Abraham Lincoln, Vampire Hunter?

Photo, Life mask and plaster hands of Abraham Lincoln, Highsmith, LoC
Mon 23 2012

While your students likely won't see Timur Bekmambetov's film Abraham Lincoln: Vampire Hunter in theatres (it's rated R), there's a chance they might read the book it's based on.

In his mashup of historical details and fictional supernatural conspiracy, author Seth Grahame-Smith imagines Abraham Lincoln's life as a secret quest to rid the U.S. of vampires. As Lincoln grows up and becomes a lawyer, politician, and, finally, president, he slays monsters that threaten the safety of his friends, family, and country.

What can teachers do with this meshing of history and fiction? First, remind students that historical fiction presents the past as part of a larger story. Abraham Lincoln: Vampire Hunter, with vampires fighting in the Civil War, may be more obvious than most, but even the most carefully-crafted story, based on primary sources and taking multiple perspectives into account, should be examined as historical fiction.

Remind students to think critically about representations of the past.

Authors must select a viewpoint, develop their plot, and try to make sense of existing secondary and primary sources in a way that engages readers in a tale with a beginning and an end. Students should approach any work of historical fiction with a critical eye.

Second, Abraham Lincoln: Vampire Hunter presents an opportunity to talk to students about assessing secondary and primary sources. Grahame-Smith writes his novel in the style of a biography, including verified facts from Lincoln's life and quotations from genuine primary sources alongside horror-story fantasy, invented "excerpts" from the fictional "secret diaries" of Abraham Lincoln, and doctored photographs.

Ask students to think about the tricks Grahame-Smith uses to make his story seem true.

Ask students to think about the tricks Grahame-Smith uses to make his story seem true. When he "quotes" from Lincoln's imaginary vampire-hunting diaries, he formats the imaginary quotes just like his quotes from real primary sources. He includes misspellings to make them appear unedited, and he adds ellipses to make it look like he's taking the "quotes" from longer documents. He adds footnotes to explain details in the fictional sources, as though he were a historian explaining background or additional information.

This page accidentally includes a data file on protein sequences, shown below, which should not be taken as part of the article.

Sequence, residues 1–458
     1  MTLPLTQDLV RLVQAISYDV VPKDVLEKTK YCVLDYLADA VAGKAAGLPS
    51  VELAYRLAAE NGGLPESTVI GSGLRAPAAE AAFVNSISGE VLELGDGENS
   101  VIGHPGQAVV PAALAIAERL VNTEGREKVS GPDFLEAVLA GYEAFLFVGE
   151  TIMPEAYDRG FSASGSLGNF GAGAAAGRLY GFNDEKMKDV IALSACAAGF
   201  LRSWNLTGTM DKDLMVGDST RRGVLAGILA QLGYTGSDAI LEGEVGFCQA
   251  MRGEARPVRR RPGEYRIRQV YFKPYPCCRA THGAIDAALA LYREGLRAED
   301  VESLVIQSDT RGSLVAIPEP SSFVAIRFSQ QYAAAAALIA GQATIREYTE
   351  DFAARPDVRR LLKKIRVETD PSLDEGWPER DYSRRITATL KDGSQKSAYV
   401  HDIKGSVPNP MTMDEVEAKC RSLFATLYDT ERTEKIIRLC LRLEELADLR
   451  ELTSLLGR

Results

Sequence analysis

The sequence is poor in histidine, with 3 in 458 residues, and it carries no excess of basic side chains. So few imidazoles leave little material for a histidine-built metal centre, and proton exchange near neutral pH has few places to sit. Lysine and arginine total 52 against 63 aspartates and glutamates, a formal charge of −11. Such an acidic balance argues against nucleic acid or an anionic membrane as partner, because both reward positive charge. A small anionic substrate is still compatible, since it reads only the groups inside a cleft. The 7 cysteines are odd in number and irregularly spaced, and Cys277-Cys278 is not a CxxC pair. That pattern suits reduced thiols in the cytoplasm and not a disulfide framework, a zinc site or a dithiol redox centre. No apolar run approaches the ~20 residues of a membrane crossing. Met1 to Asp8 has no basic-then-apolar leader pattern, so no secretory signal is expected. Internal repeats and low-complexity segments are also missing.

So, how can students know if a detail or event reported as "true" in a story like this is true? Do your research! Look to primary sources and reputable secondary sources for confirmation.

For instance, did the young Lincoln actually win the loyalty of the "Clary's Grove Boys" by beating their leader in a fight? Is this story mentioned in any biographies or other secondary sources? Do any firsthand witnesses describe it? How about Lincoln himself?

Abraham Lincoln: Vampire Hunter is a flight of fantasy, but its over-the-top combination of history and fiction can help remind students to always think historically. Never take anything you read for granted (with or without vampires)!

For more information

Interested in teaching with fiction? Pick up tips on where to look for titles and how to incorporate historical fiction in the classroom in Ask a Master Teacher.

Six educators and authors share their views on teaching with historical fiction in our Roundtable.

Teach with "history book sets" of historical fiction and primary sources in Teaching Guides.

Check out a lesson plan on Paul Revere's ride—a story embellished in art and literature.

About the Author

Lara Harmon is a Senior Research Associate for Teachinghistory.org. She received her BA from George Mason University.